Kirstie Wilkins, 21, was on the Deloitte BrightStart five-year apprenticeship scheme but managed to finish it in three years. She is now working full-time as a consultant.
“It was incredibly hard work and not everyone is ready for that commitment at 18, but if you’re up for a challenge and getting a head start to your career, I can’t recommend it enough. I had training and learned skills directly related to my work,” she told Yahoo Finance UK.
“Looking back I would say don’t always follow the status quo. If you’re not 100% committed to a uni degree, keep your options open. Don’t let the word ‘apprenticeship’ put you off.”
Mark Di-Toro, a careers expert from Glassdoor, echoed her sentiment that whether you choose university or an apprenticeship, hard work and dedication are the same.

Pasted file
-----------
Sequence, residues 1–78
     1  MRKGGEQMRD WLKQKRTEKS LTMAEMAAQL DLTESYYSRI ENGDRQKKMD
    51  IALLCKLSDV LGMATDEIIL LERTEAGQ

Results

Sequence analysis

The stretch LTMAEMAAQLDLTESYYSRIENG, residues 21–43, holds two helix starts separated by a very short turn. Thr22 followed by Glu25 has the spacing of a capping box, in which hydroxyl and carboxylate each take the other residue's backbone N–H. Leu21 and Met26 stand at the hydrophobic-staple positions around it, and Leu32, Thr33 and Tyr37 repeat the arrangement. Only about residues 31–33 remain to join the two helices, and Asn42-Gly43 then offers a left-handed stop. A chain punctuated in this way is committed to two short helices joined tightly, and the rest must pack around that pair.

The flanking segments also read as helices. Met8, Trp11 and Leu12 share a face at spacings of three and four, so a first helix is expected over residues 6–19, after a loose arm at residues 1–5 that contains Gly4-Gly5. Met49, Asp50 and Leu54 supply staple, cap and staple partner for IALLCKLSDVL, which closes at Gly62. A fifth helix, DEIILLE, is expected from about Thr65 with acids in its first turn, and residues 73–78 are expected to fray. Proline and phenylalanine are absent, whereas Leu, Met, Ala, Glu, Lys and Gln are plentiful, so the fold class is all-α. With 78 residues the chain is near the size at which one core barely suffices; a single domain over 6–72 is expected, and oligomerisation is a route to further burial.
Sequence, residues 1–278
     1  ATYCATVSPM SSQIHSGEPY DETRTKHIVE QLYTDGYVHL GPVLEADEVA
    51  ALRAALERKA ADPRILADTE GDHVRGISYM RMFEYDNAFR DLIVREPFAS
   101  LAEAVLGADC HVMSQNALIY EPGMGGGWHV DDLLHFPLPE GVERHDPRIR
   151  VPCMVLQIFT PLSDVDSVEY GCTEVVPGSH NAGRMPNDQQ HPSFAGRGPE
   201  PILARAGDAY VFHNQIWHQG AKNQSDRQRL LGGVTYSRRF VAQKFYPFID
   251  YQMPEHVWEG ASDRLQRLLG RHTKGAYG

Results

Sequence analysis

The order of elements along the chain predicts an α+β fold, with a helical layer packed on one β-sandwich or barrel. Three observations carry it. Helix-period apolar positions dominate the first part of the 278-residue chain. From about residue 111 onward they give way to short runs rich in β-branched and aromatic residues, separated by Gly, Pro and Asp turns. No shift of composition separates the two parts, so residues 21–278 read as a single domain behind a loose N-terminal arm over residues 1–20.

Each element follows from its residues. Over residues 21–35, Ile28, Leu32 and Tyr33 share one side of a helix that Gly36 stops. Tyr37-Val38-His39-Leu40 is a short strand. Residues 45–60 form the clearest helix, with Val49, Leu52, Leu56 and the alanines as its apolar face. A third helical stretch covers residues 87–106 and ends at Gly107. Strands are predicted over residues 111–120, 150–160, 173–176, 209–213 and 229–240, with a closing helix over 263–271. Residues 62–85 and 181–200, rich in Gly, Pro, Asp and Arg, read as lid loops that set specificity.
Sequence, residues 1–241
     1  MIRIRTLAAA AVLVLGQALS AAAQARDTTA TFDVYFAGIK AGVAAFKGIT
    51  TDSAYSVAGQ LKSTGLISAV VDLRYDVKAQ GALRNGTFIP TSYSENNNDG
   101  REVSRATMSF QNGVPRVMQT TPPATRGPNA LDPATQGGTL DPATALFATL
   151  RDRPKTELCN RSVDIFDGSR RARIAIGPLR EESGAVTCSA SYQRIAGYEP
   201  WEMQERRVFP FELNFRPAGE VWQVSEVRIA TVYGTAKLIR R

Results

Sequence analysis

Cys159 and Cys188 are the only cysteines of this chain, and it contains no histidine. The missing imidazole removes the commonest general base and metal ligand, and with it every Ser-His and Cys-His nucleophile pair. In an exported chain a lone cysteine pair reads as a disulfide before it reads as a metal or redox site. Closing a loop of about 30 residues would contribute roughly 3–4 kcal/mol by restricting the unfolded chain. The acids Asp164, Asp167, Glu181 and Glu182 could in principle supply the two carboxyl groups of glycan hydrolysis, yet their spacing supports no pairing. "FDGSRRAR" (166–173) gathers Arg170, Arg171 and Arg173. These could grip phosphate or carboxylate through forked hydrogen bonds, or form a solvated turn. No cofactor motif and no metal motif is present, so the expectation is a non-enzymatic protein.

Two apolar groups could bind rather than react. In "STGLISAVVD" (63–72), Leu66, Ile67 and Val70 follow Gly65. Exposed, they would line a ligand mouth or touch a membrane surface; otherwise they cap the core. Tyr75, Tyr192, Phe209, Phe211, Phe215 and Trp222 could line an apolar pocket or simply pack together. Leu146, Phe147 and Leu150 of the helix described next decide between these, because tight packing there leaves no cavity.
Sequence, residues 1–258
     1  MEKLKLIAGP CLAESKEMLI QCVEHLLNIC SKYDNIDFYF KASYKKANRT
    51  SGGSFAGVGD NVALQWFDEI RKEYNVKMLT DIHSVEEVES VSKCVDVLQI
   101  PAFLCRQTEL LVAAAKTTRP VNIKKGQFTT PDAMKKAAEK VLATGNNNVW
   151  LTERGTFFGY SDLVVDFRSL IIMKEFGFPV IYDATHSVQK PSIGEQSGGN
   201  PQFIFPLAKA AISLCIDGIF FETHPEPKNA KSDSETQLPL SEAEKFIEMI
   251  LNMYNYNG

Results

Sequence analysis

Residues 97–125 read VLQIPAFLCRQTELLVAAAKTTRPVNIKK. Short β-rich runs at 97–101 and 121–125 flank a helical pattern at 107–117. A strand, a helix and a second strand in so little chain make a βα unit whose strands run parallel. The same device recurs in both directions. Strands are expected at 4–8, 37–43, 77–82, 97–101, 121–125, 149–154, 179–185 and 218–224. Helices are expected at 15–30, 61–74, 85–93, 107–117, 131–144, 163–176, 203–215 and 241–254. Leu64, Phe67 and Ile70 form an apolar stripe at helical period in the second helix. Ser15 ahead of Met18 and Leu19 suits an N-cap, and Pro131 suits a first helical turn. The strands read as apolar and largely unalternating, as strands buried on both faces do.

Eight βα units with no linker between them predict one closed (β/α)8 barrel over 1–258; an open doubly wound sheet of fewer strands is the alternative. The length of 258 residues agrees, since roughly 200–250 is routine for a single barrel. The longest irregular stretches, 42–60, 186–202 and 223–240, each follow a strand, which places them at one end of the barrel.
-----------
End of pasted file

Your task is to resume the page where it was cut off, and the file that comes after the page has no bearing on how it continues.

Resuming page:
“Whether you’re involved in an apprenticeship programme or a recent university graduate, prospective employers will be looking for similar traits when hiring. Young job seekers should always display a passion for the company and its mission, the potential to grow as individuals and a keen willingness to learn,” he said to Yahoo Finance UK.
“One of the key benefits of hiring both graduates and apprentices should be the fact that they are prepared to adapt for the employer. They will be open to new opportunities and be happy to help other teams in as many ways as possible. As it quite often is their first job, employers have a blank canvas in which to build on. Grads and apprentices alike are far more mouldable than experienced employees, who, at times, aren’t as willing to adapt.”
But Wilkins highlighted also how there is still more that needs to be done, in order to grow awareness around apprenticeships to remove the stigma.
“I went to an all girls’ state school in Surrey, and apprenticeships were not something that was discussed. Out of 120 girls, only three didn’t go to university,” she said. “There is so much stigma attached to the word ‘apprentice’ because the images of manual and low-skilled labour come to mind. But that is not true.”